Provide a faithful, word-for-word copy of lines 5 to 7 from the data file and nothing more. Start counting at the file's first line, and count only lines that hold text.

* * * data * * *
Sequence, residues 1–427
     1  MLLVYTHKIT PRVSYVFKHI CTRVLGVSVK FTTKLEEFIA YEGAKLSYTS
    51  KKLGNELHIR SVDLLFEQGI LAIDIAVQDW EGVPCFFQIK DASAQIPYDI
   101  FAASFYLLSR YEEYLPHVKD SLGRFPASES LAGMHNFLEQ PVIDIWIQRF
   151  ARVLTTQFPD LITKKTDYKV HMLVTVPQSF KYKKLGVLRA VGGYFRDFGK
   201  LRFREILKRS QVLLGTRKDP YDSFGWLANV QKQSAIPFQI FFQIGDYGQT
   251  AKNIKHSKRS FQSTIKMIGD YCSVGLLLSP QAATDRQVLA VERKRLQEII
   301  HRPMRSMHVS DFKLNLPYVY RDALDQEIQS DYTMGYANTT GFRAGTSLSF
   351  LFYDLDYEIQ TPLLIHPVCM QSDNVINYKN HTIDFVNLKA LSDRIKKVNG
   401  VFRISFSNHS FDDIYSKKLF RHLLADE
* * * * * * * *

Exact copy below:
   151  ARVLTTQFPD LITKKTDYKV HMLVTVPQSF KYKKLGVLRA VGGYFRDFGK
   201  LRFREILKRS QVLLGTRKDP YDSFGWLANV QKQSAIPFQI FFQIGDYGQT
   251  AKNIKHSKRS FQSTIKMIGD YCSVGLLLSP QAATDRQVLA VERKRLQEII